- Hellas Planitia
NASAimage of Hellas Planitia
region=, south of
Planitia, also known as the Hellas Impact Basin, is a huge, roughly circular impact basinlocated in the southern hemisphere of the planet Mars. It is the second or third largest impact crater and the largest visible impact crater known in the Solar System. The basin floor is 3 km deeper than the moon's South Pole-Aitken basin, extends about 2,300 km east to west, [The part below zero datum, see Geography of Mars#Zero elevation] and its debris field could be interpreted as extending about 7,000 km across [The part above zero datum, The part below zero datum, see Geography of Mars#Zero elevation] [ [http://rst.gsfc.nasa.gov/Sect19/Sect19_12.html Remote Sensing Tutorial Page 19-12] , NASA] . It is centered at coord|-42.7|70.0|globe:Mars.
diameterof about 2,300 km (1,400 mi) [ Schultz, R.A., and H.V. Frey, A new survey of multiring impact basins on Mars, J. Geops. Res., 95, pp. 14175-14189, 1990.] , it is the largest unambiguous impact structure on the planet, though a distant second if the Borealis Basinproves to be an impact crater. The basin is thought to have been formed during the Late Heavy Bombardmentperiod of the Solar System, over 3.9 billion years ago, when a large asteroid hit the surface. [ Acuña et al., Science, 284, 790-793, 1999 [http://www.sciencemag.org/cgi/content/full/284/5415/790] ]
The altitude difference between the
rimand the bottom is ~9 km (30,000 ft). The depth of the crater (~7 km [http://www-star.stanford.edu/projects/mgs/sum/s0403210230.html Martian Weather Observation] MGS radio science measured 11.50 mbar at 34.4° S 59.6° E -7152 meters] (23,000 ft) below the standard topographic datum of Mars) explains the atmospheric pressure at the bottom: 1,155 Pa (11.55 mbar or 0.17 psi). This is 89% higher than the pressure at the topographical datum (610 Pa, or 6.1 mbar or 0.09 psi) and above the triple pointof water, suggesting that the liquid phase would be transient (would evaporate over time) if the temperature would rise above 0 °C (32 °F). [ [http://science.msfc.nasa.gov/headlines/y2000/ast29jun_1m.htm Making a Splash on Mars] , NASA, 2000-06-29]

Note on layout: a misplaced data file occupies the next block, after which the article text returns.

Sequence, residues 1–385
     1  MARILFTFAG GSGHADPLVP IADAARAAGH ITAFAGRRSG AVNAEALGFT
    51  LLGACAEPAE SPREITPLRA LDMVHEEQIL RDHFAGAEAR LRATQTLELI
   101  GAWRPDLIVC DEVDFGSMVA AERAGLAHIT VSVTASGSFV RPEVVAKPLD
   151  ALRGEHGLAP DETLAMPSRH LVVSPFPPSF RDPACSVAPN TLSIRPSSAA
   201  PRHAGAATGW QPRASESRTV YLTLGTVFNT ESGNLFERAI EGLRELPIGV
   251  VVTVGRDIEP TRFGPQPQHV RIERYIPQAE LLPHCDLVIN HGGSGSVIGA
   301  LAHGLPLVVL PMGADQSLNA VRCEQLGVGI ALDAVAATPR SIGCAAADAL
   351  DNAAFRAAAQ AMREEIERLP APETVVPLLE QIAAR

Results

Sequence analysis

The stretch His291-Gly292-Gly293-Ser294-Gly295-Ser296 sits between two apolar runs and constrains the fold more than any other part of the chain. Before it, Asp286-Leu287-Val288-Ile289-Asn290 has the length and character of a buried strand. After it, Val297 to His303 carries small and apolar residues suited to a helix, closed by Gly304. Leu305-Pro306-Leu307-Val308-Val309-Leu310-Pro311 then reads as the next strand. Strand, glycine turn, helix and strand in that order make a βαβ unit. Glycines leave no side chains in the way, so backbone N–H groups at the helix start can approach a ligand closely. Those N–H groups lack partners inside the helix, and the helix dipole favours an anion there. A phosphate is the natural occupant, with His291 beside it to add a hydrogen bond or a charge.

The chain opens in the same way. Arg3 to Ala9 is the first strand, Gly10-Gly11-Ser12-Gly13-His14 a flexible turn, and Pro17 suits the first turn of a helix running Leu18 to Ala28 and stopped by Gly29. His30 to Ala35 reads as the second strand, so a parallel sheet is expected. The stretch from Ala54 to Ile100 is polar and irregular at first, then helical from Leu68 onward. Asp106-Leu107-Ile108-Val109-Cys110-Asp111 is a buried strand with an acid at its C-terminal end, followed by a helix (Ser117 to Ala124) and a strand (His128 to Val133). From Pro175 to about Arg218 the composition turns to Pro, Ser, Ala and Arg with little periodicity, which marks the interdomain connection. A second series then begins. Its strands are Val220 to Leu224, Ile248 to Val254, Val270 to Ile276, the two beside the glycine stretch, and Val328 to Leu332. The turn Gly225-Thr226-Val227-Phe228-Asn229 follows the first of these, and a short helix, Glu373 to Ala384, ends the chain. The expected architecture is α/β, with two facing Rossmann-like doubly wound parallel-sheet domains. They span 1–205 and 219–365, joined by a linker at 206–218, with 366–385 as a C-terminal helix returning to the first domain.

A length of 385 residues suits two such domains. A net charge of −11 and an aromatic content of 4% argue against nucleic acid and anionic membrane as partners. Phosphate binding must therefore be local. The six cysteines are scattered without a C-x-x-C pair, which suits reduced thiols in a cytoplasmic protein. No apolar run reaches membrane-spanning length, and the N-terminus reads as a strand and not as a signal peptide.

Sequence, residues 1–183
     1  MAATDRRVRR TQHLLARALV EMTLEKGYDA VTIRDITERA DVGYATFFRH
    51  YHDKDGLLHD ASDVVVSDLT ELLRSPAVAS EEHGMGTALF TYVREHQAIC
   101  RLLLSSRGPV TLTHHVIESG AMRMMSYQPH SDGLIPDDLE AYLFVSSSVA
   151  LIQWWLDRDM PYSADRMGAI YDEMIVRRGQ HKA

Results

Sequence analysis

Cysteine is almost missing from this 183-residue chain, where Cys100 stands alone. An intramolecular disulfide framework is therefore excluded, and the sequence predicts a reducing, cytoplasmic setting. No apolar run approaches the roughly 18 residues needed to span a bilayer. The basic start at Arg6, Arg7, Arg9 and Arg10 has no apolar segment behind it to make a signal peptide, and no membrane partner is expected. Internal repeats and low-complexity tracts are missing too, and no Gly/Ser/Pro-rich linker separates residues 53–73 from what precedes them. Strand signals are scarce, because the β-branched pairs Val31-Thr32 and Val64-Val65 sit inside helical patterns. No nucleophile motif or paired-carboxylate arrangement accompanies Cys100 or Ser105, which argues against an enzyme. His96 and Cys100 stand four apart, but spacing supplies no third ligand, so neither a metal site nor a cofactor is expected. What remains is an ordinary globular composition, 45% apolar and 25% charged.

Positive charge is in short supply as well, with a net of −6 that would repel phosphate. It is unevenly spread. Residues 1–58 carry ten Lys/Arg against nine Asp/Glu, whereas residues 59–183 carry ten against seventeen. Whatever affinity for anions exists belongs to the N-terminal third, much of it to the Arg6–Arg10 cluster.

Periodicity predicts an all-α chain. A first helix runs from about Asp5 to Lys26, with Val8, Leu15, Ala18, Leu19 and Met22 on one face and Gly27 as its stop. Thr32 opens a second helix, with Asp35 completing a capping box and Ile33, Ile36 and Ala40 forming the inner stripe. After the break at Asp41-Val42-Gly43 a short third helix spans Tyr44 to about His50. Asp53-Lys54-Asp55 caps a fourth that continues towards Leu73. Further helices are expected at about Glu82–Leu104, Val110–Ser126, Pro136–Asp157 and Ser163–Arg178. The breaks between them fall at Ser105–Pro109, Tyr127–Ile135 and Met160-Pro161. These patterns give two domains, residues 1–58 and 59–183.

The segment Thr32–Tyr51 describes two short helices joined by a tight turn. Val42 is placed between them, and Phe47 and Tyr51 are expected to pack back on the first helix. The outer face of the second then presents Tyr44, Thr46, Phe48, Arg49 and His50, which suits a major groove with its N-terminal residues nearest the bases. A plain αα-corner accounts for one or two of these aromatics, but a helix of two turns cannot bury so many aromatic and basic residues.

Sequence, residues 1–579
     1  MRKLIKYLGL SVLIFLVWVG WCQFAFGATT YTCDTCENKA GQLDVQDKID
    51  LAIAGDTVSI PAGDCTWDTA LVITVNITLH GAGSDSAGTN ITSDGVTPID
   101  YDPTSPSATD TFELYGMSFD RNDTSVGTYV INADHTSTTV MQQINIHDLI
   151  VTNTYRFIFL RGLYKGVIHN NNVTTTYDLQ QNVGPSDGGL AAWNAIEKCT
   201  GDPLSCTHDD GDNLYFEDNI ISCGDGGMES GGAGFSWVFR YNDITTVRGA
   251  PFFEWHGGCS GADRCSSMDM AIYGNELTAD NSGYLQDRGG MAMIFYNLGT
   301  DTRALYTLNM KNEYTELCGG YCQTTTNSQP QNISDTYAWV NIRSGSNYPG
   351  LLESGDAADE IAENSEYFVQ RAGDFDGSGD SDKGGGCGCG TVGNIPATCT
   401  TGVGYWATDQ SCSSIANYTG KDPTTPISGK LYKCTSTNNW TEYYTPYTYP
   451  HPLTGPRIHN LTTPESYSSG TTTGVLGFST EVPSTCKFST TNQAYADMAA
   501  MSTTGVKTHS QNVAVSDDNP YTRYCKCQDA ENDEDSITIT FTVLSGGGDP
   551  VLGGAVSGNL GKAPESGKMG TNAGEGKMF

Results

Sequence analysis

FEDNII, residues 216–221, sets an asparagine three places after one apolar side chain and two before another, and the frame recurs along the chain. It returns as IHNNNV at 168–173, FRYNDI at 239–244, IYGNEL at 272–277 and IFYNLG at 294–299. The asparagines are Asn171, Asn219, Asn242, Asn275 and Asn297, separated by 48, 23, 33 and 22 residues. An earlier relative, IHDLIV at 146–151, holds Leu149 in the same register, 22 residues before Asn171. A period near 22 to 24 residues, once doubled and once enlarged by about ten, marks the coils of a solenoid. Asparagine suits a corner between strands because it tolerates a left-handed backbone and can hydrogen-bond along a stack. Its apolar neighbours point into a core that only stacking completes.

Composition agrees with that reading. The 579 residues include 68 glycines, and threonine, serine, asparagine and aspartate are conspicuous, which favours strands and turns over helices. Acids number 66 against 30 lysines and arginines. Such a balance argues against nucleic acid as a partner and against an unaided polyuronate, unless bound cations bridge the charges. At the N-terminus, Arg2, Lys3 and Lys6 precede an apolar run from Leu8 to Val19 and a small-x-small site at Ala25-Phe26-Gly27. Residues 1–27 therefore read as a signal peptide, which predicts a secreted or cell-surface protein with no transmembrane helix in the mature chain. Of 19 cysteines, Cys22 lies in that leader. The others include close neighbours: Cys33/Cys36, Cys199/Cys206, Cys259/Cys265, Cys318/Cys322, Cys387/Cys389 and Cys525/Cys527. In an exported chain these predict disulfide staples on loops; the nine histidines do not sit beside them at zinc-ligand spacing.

Some of the low elevation outflow channels extend into Hellas from the volcanic Hadriacus Mons complex to the northeast, two of which Mars Orbiter Camera images show contain gullies:
Dao Vallisand Reull Vallis. These gullies are also low enough for liquid water to be transient around Martian noon, if the temperature would rise above 0 Celsius. [Heldmann et al., Jennifer L., para 3 page 2 Martian Gullies Mars#ReferencesDOI:10.1029/2004JE002261]
Discovery and naming
Due to its size and its light colouring, which contrasts with the rest of the planet, Hellas Planitia was one of the first Martian features discovered from Earth by
telescope. Before Giovanni Schiaparelligave it the name Hellas (' Greece'), it was known as 'Lockyer Land', having been named by Richard Anthony Proctorin 1867in honour of Sir Joseph Norman Lockyer, an English astronomer who, using a 6.25-inch (16-cm) refractor, produced "the first really truthful representation of the planet" (in the estimation of E. M. Antoniadi). [cite web|url=http://www.uapress.arizona.edu/onlinebks/mars/chap04.htm|title=The Planet Mars: A History of Observation and Discovery|accessdate=2007-08-20|author=William Sheehan]
List of plains on Mars
Geography of Mars
* J. N. Lockyer, [http://articles.adsabs.harvard.edu/cgi-bin/nph-iarticle_query?1863MNRAS..23..246L "Observations on the Planet Mars" (Abstract)] , Monthly Notices of the Royal Astronomical Society, Vol. 23, p. 246
* E. M. Antoniadi, "The Hourglass Sea on Mars", Knowledge, July 1, 1897, pp. 169-172.
* [http://www.spacedaily.com/news/mars-water-science-00i8.html The Hellas Of Catastroph] , Peter Ravenscroft, 2000-08-16, Space Daily
* [http://www.google.com/mars/#lat=-42.7&lon=70 Google Mars scrollable map] - centered on Hellas
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